Corinne Bailey Rae presents Black Rainbows

Corinne Bailey Rae presents Black Rainbows

To say that Corinne Bailey Rae was inspired by her visits to the Stony Island Arts Bank in Chicago does not do justice to the profundity of her experience. She was transformed. “I knew when I walked through those doors that my life had changed forever,” she says.

Built in 1923 on the South Side of Chicago as a community savings and loan, the building was purchased by renowned artist Theaster Gates in 2012 and reimagined into a cathedral of Black art; 17,000 square feet housing a one-of-a-kind space for innovation in contemporary art and archival practice.

Stony Island’s collection encompasses a vast array of art and artifacts. Among them are house music legend Frankie Knuckles’ 5,000-deep vinyl collection, a trove of 15,000 books and periodicals donated by the Johnson Publishing Company — publisher of Ebony and Jet magazine — and a collection of “negrobilia” that includes postcards depicting lynching and ash trays sculpted in the images of black children.

While Bailey Rae’s transformation was gradual and remains ongoing, the spark to the sheer enormity of the venue and the witness it pays to Black art and life was immediate. The two-time Grammy winner began writing the songs for her newest release Black Rainbows before she’d even left the building from her first visit in 2017.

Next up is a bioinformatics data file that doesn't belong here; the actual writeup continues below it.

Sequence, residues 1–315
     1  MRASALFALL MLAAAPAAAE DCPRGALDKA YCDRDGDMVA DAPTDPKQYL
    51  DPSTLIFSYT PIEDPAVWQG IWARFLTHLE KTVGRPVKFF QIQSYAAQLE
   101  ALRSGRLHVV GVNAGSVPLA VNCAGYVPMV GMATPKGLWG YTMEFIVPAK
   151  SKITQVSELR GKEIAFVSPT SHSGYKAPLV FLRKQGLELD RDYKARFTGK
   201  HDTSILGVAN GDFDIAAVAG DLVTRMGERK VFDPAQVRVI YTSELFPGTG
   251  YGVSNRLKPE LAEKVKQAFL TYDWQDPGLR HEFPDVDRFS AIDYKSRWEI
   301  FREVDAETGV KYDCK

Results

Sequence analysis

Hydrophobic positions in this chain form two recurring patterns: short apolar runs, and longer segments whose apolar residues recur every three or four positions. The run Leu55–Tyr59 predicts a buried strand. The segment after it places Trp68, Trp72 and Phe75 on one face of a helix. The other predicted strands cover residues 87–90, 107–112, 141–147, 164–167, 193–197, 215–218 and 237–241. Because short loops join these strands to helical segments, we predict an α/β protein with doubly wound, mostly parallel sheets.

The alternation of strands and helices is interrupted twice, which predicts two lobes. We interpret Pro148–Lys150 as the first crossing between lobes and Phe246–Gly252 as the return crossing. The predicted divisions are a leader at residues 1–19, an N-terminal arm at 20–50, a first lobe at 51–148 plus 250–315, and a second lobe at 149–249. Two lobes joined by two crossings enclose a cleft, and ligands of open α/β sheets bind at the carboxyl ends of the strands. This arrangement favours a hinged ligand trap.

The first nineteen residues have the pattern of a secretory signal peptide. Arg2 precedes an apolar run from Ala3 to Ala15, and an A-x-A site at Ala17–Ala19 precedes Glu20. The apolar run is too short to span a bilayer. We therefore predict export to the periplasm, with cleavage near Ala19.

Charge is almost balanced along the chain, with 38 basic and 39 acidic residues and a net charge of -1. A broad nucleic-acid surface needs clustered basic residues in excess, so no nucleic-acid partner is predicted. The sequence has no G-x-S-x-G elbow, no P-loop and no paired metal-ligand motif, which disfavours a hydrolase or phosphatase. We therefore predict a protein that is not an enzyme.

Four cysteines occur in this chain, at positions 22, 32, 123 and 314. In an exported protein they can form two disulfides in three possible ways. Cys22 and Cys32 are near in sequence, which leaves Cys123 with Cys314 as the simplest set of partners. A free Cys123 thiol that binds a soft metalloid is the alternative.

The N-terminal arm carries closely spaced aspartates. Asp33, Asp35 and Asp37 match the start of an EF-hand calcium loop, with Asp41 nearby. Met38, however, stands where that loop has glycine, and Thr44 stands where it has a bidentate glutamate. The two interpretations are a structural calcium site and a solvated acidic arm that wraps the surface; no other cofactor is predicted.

She continued tinkering with them up until early 2023 saying with a laugh “I finished the last bit of recording the day before we sent it to be mixed. If you give me that amount of time, I will work right up to the last minute, because I’m always thinking of ways I can make it better.”

That perfectionism was even more crucial on Black Rainbows, her fourth album, released on September 15 2023, given how deeply felt it is. The 10-track collection—co-produced by Bailey Rae and her long-time creative collaborator Steve Brown—is a testament not only to the stimulating power the Stony Island Arts Bank collection has to push artists to become their highest, most expressive selves but the depth of Bailey Rae’s gifts as a songwriter and vocalist. The spectrum that the Leeds native traverses reveals new elements of her spirit.

The ravaged anger and electric guitar cacophony of “Erasure” gives way to the chilly alien synths and birdsong of “Earthlings.” The giddy girl group fizz enlivening “New York City Transit Queen” —all handclaps and joyous gang vocals— contrasts with the spare piano balladry of “Peach Velvet Sky.”

Black Rainbows feels very much like a work of trapeze artistry as Bailey Rae flings herself from song to song, firmly grabbing each successive bar to keep the flow consistent as she sings of beauty queens and the enslaved, churches embedded in the rock of the earth and outer space.

Ultimately, Bailey Rae plans multiple explorations around her Stony Island inspirations, including a dance piece, visual art, books, lectures, and more. As the various projects come together, she is excited for audiences to hear all the colors in the prism of Black Rainbows.